Research Areas

CA-MRSA Pathogenesis

Methicillin-resistant Staphylococcus aureus (MRSA) has emerged in the past decades as a major threat to public health. Community-associated MRSA (CA-MRSA), in particular the epidemic strain USA300, appears to be more virulent than traditional MRSA strains and has acquired greater fitness, allowing it to spread across continents. The Liu Laboratory is interested in understanding the pathogenic mechanisms of USA300. We study the role of the Panton-Valentine leucocidin (PVL) toxin in induction of host inflammation (Tseng PLOS ONE 2009, Lehman Clin Infect Dis 2009 and Diep PNAS 2010). Because PVL exhibits human tropism, we have adopted a humanized mouse model to determine the virulence role of PVL in human disease (Tseng PLOS Pathogens 2015).

In collaboration with the Underhill Laboratory, we have also described how the methicillin resistance cassette mecA contributes directly to increased pathogenity of MRSA (Muller. Cell Host Microbe. 2015).


Bacterial Immune Evasion Mechanisms

As a major pathogen, Staphylococcus aureus (S. aureus) has evolved many strategies to evade host immune clearance. The Liu Lab is interested in identifying novel mechanisms utilized by S. aureus to thwart major host defenses. We have identified the golden pigment of S. aureus as a virulence factor used to evade host oxidative killing (Liu PNAS 2004 and Liu J Exp Med 2005). We showed that the golden pigment effectively quenches reactive oxygen species elaborated by neutrophils and promotes the survival of the pathogen. Interestingly, an initial step in the biosynthesis of the golden pigment resembles that of human cholesterol synthesis. The Liu Lab showed that biosynthesis of the golden pigment could be blocked using a cholesterol lowering drug, which leads to improved clearance of the pathogen (Liu Science 2008). Another strategy we have identified among gram-positive bacteria to quiet inflammation consists of destruction of hyaluronan proinflammatory signals (PAMPs) and blocking of PAMPs by bacterial hyaluronidases and hyaluronan degradation products (Kolar Cell Host Microbe 2015).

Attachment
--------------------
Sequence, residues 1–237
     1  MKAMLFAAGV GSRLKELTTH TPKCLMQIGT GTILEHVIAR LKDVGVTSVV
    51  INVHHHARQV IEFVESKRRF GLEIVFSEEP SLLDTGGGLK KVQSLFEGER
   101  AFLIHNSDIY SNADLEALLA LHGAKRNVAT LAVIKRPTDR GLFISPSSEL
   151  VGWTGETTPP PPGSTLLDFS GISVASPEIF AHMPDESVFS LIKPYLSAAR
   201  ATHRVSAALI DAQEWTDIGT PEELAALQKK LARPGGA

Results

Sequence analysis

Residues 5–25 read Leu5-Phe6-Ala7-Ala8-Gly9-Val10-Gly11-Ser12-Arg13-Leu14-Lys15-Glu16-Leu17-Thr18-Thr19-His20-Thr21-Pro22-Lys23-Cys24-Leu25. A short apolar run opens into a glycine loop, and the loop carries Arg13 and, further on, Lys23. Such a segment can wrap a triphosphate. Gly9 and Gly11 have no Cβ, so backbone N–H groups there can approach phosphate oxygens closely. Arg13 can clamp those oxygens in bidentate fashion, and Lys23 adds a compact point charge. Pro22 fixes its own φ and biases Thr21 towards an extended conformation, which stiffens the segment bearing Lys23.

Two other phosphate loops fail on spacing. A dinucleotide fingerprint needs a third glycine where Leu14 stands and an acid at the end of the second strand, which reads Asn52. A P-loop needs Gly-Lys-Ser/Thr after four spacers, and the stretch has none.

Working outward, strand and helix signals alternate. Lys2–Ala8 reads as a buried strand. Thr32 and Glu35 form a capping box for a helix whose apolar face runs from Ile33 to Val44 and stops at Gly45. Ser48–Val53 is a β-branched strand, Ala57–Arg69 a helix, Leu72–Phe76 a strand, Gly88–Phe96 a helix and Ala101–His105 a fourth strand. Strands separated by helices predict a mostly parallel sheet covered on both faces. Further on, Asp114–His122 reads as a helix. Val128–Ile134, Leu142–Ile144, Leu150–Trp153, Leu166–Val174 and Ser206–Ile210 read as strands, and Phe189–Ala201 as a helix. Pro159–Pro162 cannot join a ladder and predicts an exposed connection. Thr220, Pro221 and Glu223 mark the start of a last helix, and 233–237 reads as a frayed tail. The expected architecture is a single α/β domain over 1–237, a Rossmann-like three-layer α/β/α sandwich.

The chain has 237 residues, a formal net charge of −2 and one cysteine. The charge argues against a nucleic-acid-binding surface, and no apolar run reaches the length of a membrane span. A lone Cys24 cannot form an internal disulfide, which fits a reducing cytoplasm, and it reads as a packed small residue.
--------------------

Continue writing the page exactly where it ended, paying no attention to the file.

Crystal structure of the S. aureus and human enzymes involved in the biosynthesis of the bacterial golden pigment and human cholesterol, respectively.


Host Antimicrobial Mechanisms

In collaboration with Phillip Koeffler, MD, the Liu Laboratory studied S. aureus infection in mice with specific granule deficiency (SGD), a condition caused by mutations in the CEBP epsilon gene. We demonstrated that SGD mice are susceptible to S. aureus and neutrophil defect contributes significantly to the infection. Conversely, we showed that CEBP epsilon can be upregulated in mature neutrophils by treatment with vitamin B3 or nicotinamide, and this enhances clearances of S. aureus in murine infection models (Kyme J Clin Invest 2012).

In a different project, the Liu Lab studied the impact of aging on susceptibility to S. aureus infection. We showed that aging is associated with impaired neutrophil function and neutrophil NETs. This in turn facilitates systemic spread of S. aureus (Tseng PLOS ONE 2012).

Systemic dissemination of S. aureus in young and aged mice.


Novel Antibacterial Therapeutics

Multidrug resistant gram-positive and gram-negative pathogens are becoming increasingly prevalent, but the drug pipeline appears unable to keep up with the clinical need. Our lab investigates various approaches to combat infections based on understanding of host-S. aureus interaction. We seek to weaken the bacterial armor or boost host immunity to tilt the balance in favor of the host (Liu J Exp Med 2005 and Liu Science 2008). We also investigate the use of commensals to prevent S. aureus colonization of the human mucosal surfaces (Park PLOS ONE 2011). Additionally, in collaboration with the Murali Laboratory, we are developing and testing novel inhibitors against Klebsiella pneumoniae carbapenemase.

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